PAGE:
Japanese Girls' Day or Hinamatsuri

Layered Chirashi Sushi for Hinamatsuri (Girl's Day)

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Japanese Girls' Day—also known as the Doll's Festival—is celebrated on March 3 to pray for the health and happiness of young girls in Japan. Hinamatsuri, the name of the celebration in Japan, is marked by families displaying a set of hina dolls in the house and serving special food delicacies that are ceremonially beautiful and delicious.

Hina Dolls

Traditionally, parents or grandparents of a newborn girl buy a set of hina dolls for the baby, unless they have special dolls that are inherited from generation to generation.

From the end of February to March 3, hina dolls dressed in Japanese ancient costumes are displayed on tiered platforms that are covered with a red carpet. The costumed dolls represent the imperial court of the Heian period (A.D. 794 to 1185) and feature the emperor, empress, attendants, and musicians dressed in traditional garb.

The dolls are displayed hierarchically with the emperor and empress at the top, which are set in front of a gilded screen representing the throne. The number of dolls and their size vary from home to home, but five to seven platforms are common. 

It is customary to put the dolls away as soon as the festival is over—there is a superstition that if the dolls are left out, a family will have trouble marrying off their daughters. After the festival, some people release paper dolls into the rivers praying that this will send away sickness and bad fortune. 

Traditional Food

As with almost all holidays, food and drink play a role on Girls' Day, with rice wine and rice cakes taking center stage, along with flower blossoms. Hinamatsuri is also called Momo no Sekku, which means a festival of peach blossoms. Peach blossoms, shiro-zake (white fermented rice wine) and hishi-mochi (diamond-shaped rice cakes) are placed on the stand with the hina dolls. Hishi-mochi are colored pink representing peach flowers, white representing snow, and green representing new growth.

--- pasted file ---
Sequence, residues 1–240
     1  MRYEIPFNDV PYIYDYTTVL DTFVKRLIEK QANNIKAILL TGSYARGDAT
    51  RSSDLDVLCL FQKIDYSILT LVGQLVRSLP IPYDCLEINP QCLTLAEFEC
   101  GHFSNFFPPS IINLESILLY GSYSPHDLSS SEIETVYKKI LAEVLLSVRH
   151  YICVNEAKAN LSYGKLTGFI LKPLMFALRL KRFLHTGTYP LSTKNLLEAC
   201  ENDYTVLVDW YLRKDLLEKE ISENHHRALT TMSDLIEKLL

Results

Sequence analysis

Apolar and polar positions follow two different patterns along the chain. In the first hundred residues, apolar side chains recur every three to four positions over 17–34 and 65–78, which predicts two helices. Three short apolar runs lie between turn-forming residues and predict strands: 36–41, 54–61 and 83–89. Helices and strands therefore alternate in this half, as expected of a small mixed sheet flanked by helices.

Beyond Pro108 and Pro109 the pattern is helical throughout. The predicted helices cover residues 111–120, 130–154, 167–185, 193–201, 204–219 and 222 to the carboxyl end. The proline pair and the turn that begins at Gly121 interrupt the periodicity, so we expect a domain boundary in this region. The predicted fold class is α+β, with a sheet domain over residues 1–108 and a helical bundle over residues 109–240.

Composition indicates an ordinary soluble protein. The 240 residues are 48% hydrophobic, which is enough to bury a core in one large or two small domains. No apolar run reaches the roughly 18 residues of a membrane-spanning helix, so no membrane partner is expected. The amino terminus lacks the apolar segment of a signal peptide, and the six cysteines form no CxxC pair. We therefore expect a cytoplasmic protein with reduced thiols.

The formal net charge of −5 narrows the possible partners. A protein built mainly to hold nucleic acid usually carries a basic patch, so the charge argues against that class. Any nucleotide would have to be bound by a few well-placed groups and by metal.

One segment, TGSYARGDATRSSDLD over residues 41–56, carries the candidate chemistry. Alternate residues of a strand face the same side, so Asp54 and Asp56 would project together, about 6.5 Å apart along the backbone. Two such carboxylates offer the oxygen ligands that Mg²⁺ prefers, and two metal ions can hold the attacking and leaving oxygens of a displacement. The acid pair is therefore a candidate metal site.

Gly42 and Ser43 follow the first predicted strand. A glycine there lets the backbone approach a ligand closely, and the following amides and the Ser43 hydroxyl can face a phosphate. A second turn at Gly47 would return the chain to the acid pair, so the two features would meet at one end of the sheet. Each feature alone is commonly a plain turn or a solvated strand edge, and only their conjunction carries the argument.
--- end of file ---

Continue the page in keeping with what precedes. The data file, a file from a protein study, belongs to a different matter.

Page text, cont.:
Traditionally, girls in Japan invited their friends to a home party to celebrate this festival. Many people prepare a special meal for girls on this day, including savory dishes such as chirashi, which is sugar-flavored, vinegared sushi rice with raw fish on top; clam soup served in the shell; and edamame maze-gohan, mixed rice usually consisting of brown rice and soybeans. 

Other popular dishes to serve at a Girl's Day celebration are inari sushi—rice-stuffed tofu pockets—with miso grilled salmon and cabbage ramen salad. Sweets are on the menu as well, incorporating a feminine shade of pink, like chi chi dango, which are pink pillows of mochi (glutinous rice flour and coconut milk), a favorite among children, and sakura-mochi, a pink, sweet rice cake. Some families include an impressive edible centerpiece, such as the layered chirashi sushi cake. 

History of the Event

The displaying of Hina dolls began in the early 1600s as a way to ward off evil spirits. It was thought that the dolls would act as good luck charms. 

The origin of Hinamatsuri most likely dates back to an ancient Chinese practice in which the sin of the body and misfortune are transferred to a doll and then removed by abandoning the doll on a river and have it float away.

This custom, called hina-okuri or nagashi-bina, in which people float paper dolls down rivers late in the afternoon of March 3, still exists in various areas.